Yemen will inaugurate its first liquefied natural gas plant next month and begin exporting in August with the first shipment destined for South Korea, the oil minister said.
The plant at Balhaf on the south coast is ready “for its official inauguration on June 16, and the export of its first shipment of gas to South Korea will come eight weeks later,” Oil Minister Amir Salem al-Aydarus said.
In addition to South Korea, LNG from Yemen will also be exported to Europe and north America, the minister said in a statement posted online on the defence ministry’s website, 26Sep.net.
Yemen has already taken delivery of two of four LNG tankers on order, the statement said, quoting Aydarus as saying the remaining two ships will be delivered “in the coming days.”
A tanker carrying the first shipment of 120,000 cubic metres (more than four million cubic feet) of LNG will sail for South Korea in August.
The maiden cargo of gas will mark the culmination of a project launched in October 2005 at a total cost of four billion dollars, making it the largest ever project in the country’s history.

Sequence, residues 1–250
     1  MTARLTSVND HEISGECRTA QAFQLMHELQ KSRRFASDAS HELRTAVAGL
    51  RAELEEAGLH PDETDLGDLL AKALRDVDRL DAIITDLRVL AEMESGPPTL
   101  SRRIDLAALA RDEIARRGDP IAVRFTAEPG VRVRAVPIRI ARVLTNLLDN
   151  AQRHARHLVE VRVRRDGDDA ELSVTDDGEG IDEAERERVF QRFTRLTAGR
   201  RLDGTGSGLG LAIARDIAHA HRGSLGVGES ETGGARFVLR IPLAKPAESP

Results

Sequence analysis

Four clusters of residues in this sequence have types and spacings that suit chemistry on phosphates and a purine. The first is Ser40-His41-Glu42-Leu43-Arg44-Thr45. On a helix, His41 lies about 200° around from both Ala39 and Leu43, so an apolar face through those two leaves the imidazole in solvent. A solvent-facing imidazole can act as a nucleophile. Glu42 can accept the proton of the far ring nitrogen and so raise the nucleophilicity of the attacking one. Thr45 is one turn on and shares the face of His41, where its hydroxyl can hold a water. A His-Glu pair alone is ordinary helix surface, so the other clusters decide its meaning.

The LNG project is vital to the economic future of Yemen, where oil revenues currently make up 70 percent of state revenue.
When a second liquefying unit becomes operational towards the end of the year Yemen will be able to export 6.7 million tonnes of gas annually — equivalent to 180,000 barrels of oil per day (bpd).
It will remain a small player on the LNG market nevertheless, with reserves of 259 billion cubic metres.
Yemen is one of the poorest countries on Earth despite its proximity to oil powerhouse Saudi Arabia.
Its own oil exports are tiny compared with its northern neighbour. Last year it produced less than 300,000 bpd of crude oil, and production is decreasing by five to six percent a year.
Deputy Prime Minister for Economic Affairs Abdulkarim Ismail al-Arhabi told AFP in March that he expects the country’s modest oil reserves to be exhausted by 2020.
“Gas will make up for the decrease in oil production,” he said.
(AFP & Zawya)